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child coloring

Explore Coffee From The Comfort Of Home: Loring’s Roasting Coloring Book

As an illustrator and a coffee enthusiast, I appreciate this on several levels.

Loring, a coffee roaster manufacturer based in California, recently crafted a coffee roasting coloring book to keep people occupied during the pandemic. Not only is it a good way to keep children occupied when phone time’s up, it’s a neat look into the ins-and-outs of roasting facilities. It’s stuffed with all sorts of lineart illustrations, from the beans to the machines. It’s currently available for download on their website and can be perfect for digital painting or filling in with marker. If you’re in need of a little therapy, look no further.

Painting is one of my most reliable forms of calming down and cooling off. Has been for most of my life. Something I love about this idea is not just the clever way of keeping people in touch with their local coffee businesses, but the unabashed appreciation of fun. Miserable news circulates more consistently than the air we breathe: inviting people’s artistic spirit is a pitch-perfect idea that will leave a positive impact.

Miss Going Out To Cafes? Perfect Your Inner Barista With This Useful Home Brewing List

Being a coffee lover can be expensive. When you’re not trying to find the best beans, you’re carving out space in your kitchen for all the short-term and long-term equipment you’ll need to make a cup that sparkles.

I’m still on the search for a burr grinder and an espresso maker (that can also do drip), but until I find that elusive perfect deal, I’m reading up on other people’s home brewing habits. The Daily Beast just published a short-and-sweet piece on how to get started becoming a home coffee brewing master. They simplify the complex process by looking at affordable French Presses, waxing philosophical about the benefits of weighing your grounds and even showing off a reusable Keurig brand.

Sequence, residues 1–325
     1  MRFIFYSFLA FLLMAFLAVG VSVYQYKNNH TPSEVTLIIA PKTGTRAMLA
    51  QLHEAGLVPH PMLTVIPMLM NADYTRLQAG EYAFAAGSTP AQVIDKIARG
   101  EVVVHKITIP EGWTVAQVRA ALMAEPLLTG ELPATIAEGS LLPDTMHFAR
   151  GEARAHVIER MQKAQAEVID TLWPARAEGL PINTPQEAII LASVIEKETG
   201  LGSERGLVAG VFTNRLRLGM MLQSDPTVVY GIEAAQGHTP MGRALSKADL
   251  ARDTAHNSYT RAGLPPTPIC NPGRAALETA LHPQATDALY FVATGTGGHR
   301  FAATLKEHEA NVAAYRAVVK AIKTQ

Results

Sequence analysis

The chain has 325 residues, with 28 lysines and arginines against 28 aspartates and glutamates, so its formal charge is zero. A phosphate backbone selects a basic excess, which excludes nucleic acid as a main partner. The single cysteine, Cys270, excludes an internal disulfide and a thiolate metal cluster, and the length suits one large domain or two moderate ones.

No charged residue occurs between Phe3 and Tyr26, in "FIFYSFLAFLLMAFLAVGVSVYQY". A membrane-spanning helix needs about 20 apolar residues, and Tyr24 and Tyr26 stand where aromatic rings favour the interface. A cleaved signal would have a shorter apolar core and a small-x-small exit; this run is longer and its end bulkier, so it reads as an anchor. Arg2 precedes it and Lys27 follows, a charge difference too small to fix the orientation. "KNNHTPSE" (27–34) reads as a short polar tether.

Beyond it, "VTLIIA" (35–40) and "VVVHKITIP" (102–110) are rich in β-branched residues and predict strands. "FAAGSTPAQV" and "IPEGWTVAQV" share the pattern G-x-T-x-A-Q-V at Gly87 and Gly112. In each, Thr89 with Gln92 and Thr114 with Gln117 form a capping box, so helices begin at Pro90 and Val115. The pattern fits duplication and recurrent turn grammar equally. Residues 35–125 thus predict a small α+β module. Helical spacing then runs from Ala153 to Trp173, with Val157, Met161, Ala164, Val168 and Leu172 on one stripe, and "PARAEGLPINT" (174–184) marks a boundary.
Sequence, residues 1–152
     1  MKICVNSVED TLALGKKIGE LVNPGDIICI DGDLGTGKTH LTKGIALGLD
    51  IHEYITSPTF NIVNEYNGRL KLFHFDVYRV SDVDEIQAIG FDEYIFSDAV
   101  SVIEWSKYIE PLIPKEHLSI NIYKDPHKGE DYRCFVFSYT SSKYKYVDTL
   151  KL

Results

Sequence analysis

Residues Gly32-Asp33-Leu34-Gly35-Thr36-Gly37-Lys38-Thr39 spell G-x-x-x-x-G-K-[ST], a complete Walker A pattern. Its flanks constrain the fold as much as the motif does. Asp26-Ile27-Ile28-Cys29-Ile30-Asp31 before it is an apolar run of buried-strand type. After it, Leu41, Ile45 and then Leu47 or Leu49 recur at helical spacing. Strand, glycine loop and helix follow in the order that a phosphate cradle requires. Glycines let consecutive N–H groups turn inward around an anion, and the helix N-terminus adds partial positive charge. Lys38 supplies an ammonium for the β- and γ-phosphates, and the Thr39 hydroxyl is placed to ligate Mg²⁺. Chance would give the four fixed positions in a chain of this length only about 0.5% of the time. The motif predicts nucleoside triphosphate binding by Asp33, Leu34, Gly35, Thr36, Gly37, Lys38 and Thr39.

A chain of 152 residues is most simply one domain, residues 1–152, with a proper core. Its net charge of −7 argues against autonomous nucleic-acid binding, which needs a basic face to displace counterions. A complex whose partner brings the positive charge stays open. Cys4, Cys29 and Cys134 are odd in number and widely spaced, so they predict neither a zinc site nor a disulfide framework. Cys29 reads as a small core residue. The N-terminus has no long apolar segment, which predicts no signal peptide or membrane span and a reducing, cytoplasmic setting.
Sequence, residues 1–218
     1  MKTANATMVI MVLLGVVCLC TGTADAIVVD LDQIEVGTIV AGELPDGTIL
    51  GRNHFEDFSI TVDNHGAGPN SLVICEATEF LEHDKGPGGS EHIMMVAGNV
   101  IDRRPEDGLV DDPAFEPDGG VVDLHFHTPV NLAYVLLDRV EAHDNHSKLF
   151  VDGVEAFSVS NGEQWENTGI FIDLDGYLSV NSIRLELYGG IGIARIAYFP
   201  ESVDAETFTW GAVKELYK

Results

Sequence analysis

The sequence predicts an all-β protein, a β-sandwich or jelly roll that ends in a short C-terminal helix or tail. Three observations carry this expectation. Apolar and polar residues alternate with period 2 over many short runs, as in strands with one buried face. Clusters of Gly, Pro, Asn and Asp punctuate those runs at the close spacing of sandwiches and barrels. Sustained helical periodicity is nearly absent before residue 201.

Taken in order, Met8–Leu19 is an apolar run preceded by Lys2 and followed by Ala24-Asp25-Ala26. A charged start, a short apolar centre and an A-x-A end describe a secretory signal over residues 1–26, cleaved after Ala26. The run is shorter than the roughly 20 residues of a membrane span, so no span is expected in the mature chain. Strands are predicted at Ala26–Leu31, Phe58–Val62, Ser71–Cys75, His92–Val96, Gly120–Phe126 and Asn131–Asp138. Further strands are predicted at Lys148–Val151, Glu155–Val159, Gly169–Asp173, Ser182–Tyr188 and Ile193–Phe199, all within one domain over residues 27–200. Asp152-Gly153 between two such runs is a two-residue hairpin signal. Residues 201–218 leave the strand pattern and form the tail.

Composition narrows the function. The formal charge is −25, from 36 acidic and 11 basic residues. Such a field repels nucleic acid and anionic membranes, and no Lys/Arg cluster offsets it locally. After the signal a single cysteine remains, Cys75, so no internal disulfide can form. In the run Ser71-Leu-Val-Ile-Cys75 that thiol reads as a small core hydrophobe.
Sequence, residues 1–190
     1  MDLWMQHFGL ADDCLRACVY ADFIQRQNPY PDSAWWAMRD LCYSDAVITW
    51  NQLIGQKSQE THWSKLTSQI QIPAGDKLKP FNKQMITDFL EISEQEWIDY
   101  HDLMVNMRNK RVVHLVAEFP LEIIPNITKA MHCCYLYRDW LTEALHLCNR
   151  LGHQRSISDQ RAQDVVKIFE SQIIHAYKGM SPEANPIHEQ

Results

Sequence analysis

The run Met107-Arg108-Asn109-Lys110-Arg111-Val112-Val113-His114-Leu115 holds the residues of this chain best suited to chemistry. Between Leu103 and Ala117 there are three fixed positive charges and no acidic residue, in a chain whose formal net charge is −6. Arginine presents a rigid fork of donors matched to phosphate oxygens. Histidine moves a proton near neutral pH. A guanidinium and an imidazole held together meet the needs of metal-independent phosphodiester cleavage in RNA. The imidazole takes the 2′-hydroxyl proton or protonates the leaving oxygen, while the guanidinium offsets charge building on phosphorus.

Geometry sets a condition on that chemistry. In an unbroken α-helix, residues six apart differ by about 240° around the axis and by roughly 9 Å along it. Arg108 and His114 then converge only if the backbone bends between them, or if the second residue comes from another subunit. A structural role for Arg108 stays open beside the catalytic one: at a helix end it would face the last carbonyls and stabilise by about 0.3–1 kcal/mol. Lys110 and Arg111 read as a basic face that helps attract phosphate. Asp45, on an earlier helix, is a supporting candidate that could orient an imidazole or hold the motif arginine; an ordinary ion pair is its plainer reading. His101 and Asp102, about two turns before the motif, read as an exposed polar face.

Not all of these equipment combinations will drill holes into your wallet, either, and you might just stick with them once the coronavirus has slowed down enough to open cafes back up. Remember: coffee is all about what suits your tastes, lifestyle and budget. Not what some self-proclaimed espresso guru with a ten-inch beard thinks is more ‘real’.

fancy cup of coffee

An elegant coffee maker made out of gold, silver and diamonds. Sound like a recipe for good coffee?

Of course not. Doesn’t stop elitism from making the usual rounds.

A new coffee maker has emerged recently, crafted out of the finest materials money can buy. The company Royal Paris claims to bring customers back to an older time where coffee was more appreciated, offering a decadent experience that results in the best cup of coffee. Fortunately for me, I’m too keenly aware of the history of coffee growing, roasting and distribution to succumb to the hype. Sure is pretty, though!

It’s easy to overlook this story as yet more pomp and puffery from the idle elite meant to incite outrage. Last I checked, the very history of coffee itself doesn’t revolve around gilded cups, but a humble, communal experience thousands of years old! Nonetheless, stories like these should concern cafe owners and roasters. This carefully packaged artful elitism is a major issue that keeps the coffee industry from achieving great things.

When left unchecked, these mentalities rot the craft from the inside out.

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roasted coffee beans

A cup of coffee made without a single bean.

Sound like something you’d want to try? I took a look at this interesting scientific development earlier on LinkedIn, but I have a few more thoughts on the matter.

Beanless coffee is a (kind of) modern development currently being polished by today’s best scientists. This technique is similar to chicory — a method that involves brewing roots instead of beans — but whittles down the ingredients even further. Everything from the flavor to the way the brew sits on your tongue is meant to replicate traditional coffee near-flawlessly. On one hand, it’s fascinating how science can break down what we consume to its barest components. On the other hand, environmental concerns are cited as a major reason to continue this research.

Beanless coffee could help…as long as the industry’s priorities are kept straight.